DC JWJ Campaigns: Cancel Rent, Expand Sick Days, and More

We are very excited to announce that DC JWJ will be working on and supporting a few exciting new campaigns. Are you interested in getting plugged into these new campaigns? Make sure you sign up to volunteer with us. And be sure your organization supports as well. We endorsed these campaigns at our Steering Committee meeting on June 4, at which time we weren’t prepared to bring new demands from the Movement for Black Lives, but hope to share more with you soon. Cancel Rent The Council must respond immediately by taking drastic action to help renters struggling to survive amidst the ongoing COVID-19 crisis. You can sign the petition from the DC Tenants Union in calling for the Council to Cancel rent and mortgage payments for the duration of the state of emergency plus one month Impose a two-year freeze on rent increases while the city recovers Guarantee a right to counsel in eviction cases Vastly expand the Emergency Rental Assistance Program with tripled funding, expanded eligibility, and no more annual limits on frequency and amount And enact into law the Reclaim Rent Control platform in its entirety Revenue Raising The pandemic and crushing economic downturn is bringing extreme levels of hardship to DC families. Tens of thousands of workers are jobless and a growing number of small businesses have been shuttered. To ensure we build a just recovery and come out of this crisis stronger than before, it is important for the city’s response to protect and strengthen crucial investments by raising revenue. Sign the petition and join DC JWJ and our allies in JUFJ and Fair Budget Coalition in calling for the...

Statement from Elizabeth Falcon, Executive Director, DC Jobs With Justice on the experience of DC primary voters.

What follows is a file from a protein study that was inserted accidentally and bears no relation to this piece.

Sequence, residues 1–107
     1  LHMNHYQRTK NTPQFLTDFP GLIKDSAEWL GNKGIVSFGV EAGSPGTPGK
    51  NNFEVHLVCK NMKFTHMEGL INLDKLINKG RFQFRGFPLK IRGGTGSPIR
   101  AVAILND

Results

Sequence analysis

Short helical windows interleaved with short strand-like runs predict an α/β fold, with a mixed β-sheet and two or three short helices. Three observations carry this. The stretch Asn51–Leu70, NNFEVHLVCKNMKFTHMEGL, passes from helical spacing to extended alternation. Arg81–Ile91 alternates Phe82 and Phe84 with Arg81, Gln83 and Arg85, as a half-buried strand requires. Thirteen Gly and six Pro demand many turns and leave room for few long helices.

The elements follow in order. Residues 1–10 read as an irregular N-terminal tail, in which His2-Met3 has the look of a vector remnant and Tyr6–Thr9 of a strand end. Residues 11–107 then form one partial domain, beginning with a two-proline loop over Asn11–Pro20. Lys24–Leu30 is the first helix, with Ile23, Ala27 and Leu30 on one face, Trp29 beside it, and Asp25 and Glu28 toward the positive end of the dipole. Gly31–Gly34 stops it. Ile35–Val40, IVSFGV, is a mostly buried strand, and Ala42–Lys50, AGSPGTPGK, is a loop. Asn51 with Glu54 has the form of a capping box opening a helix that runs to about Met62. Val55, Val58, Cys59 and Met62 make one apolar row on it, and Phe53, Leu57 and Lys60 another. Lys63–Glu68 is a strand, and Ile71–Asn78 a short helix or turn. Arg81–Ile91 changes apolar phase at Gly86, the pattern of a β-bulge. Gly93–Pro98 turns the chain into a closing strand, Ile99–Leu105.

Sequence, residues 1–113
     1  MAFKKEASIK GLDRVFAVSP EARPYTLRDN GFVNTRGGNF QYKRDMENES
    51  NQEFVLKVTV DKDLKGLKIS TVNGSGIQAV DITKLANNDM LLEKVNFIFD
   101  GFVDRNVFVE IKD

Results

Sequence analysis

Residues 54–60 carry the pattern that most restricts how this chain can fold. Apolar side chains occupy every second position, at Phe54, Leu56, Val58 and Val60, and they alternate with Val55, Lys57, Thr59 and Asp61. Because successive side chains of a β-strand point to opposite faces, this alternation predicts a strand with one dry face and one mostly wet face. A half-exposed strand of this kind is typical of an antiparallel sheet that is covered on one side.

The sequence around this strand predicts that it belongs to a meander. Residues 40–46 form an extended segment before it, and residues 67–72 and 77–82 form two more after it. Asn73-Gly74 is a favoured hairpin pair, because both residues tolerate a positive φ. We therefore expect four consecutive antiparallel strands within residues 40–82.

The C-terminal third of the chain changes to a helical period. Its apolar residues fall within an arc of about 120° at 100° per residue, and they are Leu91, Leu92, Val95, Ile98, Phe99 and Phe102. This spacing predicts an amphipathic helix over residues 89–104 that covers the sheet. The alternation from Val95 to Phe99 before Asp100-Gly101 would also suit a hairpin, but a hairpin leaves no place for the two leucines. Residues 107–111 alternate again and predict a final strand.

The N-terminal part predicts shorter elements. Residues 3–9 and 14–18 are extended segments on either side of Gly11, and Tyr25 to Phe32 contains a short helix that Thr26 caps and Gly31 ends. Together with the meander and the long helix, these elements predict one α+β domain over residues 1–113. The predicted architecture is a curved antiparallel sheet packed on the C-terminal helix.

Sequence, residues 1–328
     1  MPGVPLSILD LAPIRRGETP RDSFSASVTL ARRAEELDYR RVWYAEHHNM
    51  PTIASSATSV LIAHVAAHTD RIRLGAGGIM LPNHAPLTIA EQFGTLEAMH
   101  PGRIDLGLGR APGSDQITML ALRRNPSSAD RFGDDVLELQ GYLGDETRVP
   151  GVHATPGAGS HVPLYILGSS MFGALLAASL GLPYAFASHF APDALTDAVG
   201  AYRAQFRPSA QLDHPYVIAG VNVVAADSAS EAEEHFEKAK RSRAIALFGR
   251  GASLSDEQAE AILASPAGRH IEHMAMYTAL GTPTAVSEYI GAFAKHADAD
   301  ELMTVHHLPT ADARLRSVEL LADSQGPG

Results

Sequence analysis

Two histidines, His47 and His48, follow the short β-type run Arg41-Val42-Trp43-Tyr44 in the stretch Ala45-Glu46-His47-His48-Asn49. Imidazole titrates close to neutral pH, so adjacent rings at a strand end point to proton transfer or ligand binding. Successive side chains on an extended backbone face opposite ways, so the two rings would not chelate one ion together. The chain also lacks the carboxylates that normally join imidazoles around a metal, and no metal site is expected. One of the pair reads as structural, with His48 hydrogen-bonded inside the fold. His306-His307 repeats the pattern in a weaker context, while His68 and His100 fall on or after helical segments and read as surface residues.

Statement from Elizabeth Falcon, Executive Director, DC Jobs With Justice on the experience of DC primary voters Yesterday, I watched as voters in my neighborhood precinct, Emory Recreation Center, stood in line for hours. Wait times for residents who arrived after about 5:00 pm were over four hours, confirmed by the fact that the last voters who arrived before 8:00 pm voted after 12:30 am. Hundreds of voters, mostly Black, stood in line to perform their civic duty. The last voters cast ballots up to six hours after DC curfew started and four hours after the public transit stopped running. These dedicated voters maintained social distance and wore masks. They affirmed their neighbors as they waited together to vote for their chosen candidates. Many have responded to the protests calling for the protections of Black lives over the last week with an urge for civic participation at the voting booth. It is a travesty that in a city where the largest group of voters are Black, that the barrier to voting on Election Day was so high. This situation could have been avoided. And it begins with the agency taking responsibility for their failings. Unfortunately, so far leadership has failed to do so. As reported in the Washington Post June 2, 2020: Michael Bennett, the chairman of the D.C. Board of Elections, acknowledged the election did not go smoothly because the agency’s technology was not able to handle the surge of absentee ballot requests, and because voting on Election Day was higher than officials thought it would be. “The good news is I’m really, really glad we had so...